Nathan Durfee, October 2010
Opening October 5, 5-8 pm
The Soft Embrace of a Porcelain Night is a striking body of narrative paintings and one very large
Robert Lange Studios upcoming exhibit, The Soft Embrace of a Porcelain Night, features the work of contemporary painter Nathan Durfee. The Soft Embrace of a Porcelain Night is a striking body of narrative paintings and one very large suggestive dreamscape. Durfee will be at the October 1 event from 5:00 – 8:00 and the work will hang until October 28 and can be seen daily from 11-5PM at the 2 Queen Street location.
Durfee’s unique style was recently recognized when he received the award for Best Visual Artist in Charleston from the City Paper (2009). Embraced as a favorite by the community, Durfee’s presences in the Charleston art scene has grown since being picked up by Robert Lange Studios in 2007. The charismatic painter was the featured Picollo Spoleto Jazz Series artist and recently on the cover of Art Mag. His latest grouping of paintings has already created a stir when the seven-panel dreamscape was unveiled at the beginning of August to a select group of collectors.
“As soon as it leaked out that the dreamscape was finished,” said gallery owner Robert Lange, “people were calling wanting to take a look at it.” The piece will not be displayed for the public until the October 1 opening.
In describing the work Durfee says, “The show is about contrast; dark moments in colorful packages. The title, The Soft Embrace of a Porcelain Night, gives a bit of insight as to what I’ve discovered through painting this series. In each work, undertones of endearment show through despite the character’s obviously uncomfortable predicaments.”
There is a dark humor in Durfee’s paintings, macabre in their staging yet whimsical in the overall presentation. The artist, born in 1983, studied traditional portrait painting and received his Bachelor of Fine Arts degree from the Savannah College of Art and Design. As his current work intrepidly exhibits, Durfee decided to take his art in a different, less traditional direction. “I’m transfixed by the idea of creating worlds we can only dream of. I thought I would be a traditional, realistic painter when I first went to art school…but I quickly discovered, if I’m able to create a reality, why do I need to have it adhere to the one we live in now?” Durfee said. This ability to create both conventional and alternative realities allowed him to push and pull his work from the realistic to the abstract with imaginative skill and gained him “street cred” amongst his art school peers.
“I was amazed when I saw one of Nathan’s traditional works,” said gallery owner Robert Lange. “The idea that Nathan made a choice and was never hindered by his ability to render gives an added level of understanding to his work.”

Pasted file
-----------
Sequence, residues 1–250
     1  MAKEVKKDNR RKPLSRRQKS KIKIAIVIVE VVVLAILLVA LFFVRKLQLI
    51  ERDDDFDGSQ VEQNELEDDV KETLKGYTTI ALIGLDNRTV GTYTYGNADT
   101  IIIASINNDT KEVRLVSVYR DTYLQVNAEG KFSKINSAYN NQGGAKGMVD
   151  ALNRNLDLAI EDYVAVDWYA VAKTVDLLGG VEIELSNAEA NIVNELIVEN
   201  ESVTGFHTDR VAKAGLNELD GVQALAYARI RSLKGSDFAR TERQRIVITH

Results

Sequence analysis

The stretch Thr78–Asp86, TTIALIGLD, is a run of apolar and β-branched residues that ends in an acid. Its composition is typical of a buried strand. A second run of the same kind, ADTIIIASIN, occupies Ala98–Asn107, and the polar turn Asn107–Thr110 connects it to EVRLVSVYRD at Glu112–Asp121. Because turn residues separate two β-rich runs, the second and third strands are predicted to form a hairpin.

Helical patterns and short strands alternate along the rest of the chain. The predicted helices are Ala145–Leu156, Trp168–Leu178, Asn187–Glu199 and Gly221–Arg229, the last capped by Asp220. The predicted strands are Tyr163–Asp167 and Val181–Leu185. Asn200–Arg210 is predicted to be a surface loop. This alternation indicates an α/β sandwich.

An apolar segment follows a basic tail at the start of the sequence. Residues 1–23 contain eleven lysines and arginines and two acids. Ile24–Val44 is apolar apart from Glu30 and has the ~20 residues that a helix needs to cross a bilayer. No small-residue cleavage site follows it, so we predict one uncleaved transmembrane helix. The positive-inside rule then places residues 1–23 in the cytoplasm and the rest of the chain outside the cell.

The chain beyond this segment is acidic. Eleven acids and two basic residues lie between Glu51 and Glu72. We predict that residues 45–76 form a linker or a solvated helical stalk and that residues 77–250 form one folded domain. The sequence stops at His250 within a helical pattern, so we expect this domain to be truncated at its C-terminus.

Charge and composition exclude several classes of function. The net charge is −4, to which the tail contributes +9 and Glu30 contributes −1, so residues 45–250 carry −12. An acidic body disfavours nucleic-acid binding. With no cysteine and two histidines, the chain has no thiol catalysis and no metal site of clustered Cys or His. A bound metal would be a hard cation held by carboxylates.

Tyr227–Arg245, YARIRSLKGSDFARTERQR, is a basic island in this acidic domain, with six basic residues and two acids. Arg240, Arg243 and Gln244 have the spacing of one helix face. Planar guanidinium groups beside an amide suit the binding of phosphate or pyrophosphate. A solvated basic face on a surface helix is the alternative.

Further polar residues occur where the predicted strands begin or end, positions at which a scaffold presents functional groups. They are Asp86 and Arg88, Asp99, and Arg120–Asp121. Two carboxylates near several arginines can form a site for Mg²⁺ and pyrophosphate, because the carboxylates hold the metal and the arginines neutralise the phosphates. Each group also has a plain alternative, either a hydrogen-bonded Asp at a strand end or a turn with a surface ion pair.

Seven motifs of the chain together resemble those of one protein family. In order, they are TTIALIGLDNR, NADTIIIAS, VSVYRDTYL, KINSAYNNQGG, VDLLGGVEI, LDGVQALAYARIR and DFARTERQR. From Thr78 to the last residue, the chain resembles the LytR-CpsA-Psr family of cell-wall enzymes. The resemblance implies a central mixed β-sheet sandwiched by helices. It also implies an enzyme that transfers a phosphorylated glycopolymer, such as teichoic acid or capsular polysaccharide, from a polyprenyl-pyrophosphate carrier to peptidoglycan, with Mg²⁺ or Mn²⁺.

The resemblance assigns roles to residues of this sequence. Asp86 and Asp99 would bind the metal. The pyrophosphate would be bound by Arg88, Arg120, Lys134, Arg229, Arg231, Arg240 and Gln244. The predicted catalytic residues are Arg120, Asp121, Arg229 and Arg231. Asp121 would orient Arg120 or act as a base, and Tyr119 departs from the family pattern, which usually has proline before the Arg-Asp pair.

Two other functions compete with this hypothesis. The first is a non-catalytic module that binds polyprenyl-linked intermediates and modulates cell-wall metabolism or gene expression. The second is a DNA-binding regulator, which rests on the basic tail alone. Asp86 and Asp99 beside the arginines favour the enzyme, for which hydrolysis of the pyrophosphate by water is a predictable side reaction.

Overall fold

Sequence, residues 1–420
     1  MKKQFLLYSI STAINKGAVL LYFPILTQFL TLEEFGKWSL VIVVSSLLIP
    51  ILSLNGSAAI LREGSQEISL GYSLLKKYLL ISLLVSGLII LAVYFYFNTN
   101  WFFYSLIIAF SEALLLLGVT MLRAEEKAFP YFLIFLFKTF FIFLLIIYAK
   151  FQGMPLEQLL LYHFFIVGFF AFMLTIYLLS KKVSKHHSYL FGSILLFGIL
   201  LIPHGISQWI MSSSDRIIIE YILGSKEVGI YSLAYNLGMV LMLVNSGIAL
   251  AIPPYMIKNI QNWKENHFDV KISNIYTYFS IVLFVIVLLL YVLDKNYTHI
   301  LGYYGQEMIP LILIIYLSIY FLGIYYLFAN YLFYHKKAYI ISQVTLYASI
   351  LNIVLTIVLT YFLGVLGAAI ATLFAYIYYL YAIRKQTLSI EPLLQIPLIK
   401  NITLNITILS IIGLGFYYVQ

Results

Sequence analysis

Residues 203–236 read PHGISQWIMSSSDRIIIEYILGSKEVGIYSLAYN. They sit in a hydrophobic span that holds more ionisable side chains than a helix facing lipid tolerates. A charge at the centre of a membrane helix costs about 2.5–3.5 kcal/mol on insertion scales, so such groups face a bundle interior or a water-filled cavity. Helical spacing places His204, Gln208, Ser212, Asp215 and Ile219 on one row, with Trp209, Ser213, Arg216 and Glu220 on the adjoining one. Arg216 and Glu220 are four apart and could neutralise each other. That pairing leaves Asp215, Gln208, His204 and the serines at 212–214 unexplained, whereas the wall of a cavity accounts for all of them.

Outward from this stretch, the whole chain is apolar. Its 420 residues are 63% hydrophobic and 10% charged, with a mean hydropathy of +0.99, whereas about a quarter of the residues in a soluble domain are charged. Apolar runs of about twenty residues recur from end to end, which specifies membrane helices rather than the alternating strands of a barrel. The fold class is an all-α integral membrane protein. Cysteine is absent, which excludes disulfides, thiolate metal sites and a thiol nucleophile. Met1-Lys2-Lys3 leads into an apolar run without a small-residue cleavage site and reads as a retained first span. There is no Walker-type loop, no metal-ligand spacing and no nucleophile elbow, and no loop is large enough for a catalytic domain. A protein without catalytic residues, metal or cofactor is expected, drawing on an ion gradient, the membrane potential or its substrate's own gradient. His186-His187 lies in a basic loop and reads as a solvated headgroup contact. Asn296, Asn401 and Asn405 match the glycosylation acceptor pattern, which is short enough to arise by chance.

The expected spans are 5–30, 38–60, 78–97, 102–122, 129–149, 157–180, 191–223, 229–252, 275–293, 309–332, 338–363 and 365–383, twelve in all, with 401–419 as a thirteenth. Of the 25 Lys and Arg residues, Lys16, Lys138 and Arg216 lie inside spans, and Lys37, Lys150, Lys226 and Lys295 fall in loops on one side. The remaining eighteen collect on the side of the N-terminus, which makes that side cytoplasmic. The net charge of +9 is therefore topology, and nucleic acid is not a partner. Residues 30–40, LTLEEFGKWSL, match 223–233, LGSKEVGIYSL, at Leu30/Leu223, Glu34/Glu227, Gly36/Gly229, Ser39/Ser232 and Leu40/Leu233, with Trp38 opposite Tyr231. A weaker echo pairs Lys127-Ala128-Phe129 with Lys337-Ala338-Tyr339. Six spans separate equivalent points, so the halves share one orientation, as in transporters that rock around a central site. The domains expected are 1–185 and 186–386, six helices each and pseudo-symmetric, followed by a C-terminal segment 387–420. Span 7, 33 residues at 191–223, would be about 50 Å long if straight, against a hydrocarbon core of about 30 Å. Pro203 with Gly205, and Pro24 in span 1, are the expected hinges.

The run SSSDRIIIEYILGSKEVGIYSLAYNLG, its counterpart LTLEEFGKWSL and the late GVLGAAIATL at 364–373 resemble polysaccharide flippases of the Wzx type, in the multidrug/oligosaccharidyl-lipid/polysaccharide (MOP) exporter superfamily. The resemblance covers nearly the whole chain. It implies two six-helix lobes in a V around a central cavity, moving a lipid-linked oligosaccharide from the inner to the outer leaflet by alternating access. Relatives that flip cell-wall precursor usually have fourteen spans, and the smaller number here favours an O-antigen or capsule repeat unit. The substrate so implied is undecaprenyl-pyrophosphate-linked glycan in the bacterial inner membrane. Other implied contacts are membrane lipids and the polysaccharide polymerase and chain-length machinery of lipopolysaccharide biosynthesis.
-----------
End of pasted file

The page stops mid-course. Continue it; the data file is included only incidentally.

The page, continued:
The larger seven panel dreamscape, “The Dreamscape” 114” x 36” oil on canvas, depicts moments found in the imagination, yet is still referencing the artist’s reality. The first panel in the set depicts one of Chicago artist, Nick Cave’s costume/sculptures, consisting of brightly colored fabrics and elaborate embroidery. Nathan incorporated the character after visiting Cave’s show at the Halsey Institute of Contemporary Art. The dreamscape set is anchored by a decapitated self-portrait of Durfee as Frieda Kahlo holding an ego driven #1 foam finger. This piece, shows-off Durfee’s masterful ability to create captivating images. He is intriguing the viewer, leaving them searching within the narrative for more hidden clues, while illustrating, like Kahlo, his own insecurities with his skill.
In the painting “Michael Tries to Fly in Style,” Durfee makes reference to De Stijl art movement. A giant pink elephant adorned with a set of wings designed by the likes of Mondrian and Rietveld, sits precariously on the edge of a cliff reading the wing’s instructions. The overtly cheerful, yet in some regards somber painting challenges the viewer to question whether the subject is ready to fly. Is he satisfied what with what De Stijl has created for him? In this piece, the elephant, which embodies parts of both Durfee and the art movement’s spirit, must take the leap. In many of Durfee’s paintings, the characters are at the mercy of their created situations.
“Many of the works hold a tinge of sweet melancholy. The characters long for something, caught in their own internal conflict of love or growth,” said Durfee. “This is set against beautiful backdrops, which remind the viewer that despite the small trials, they live in a wondrous world.” The mood of each piece is affected by both the different color tones the artist chooses as well as the gesture of the subjects’ varied poses. While a narrative is suggested in all of these works, it is left to the viewer to ultimately complete each story
“The show brings out life’s soft moments of happiness, sadness, and the darkness that is sometimes below the surface, embracing the full spectrum of emotion,” said Durfee.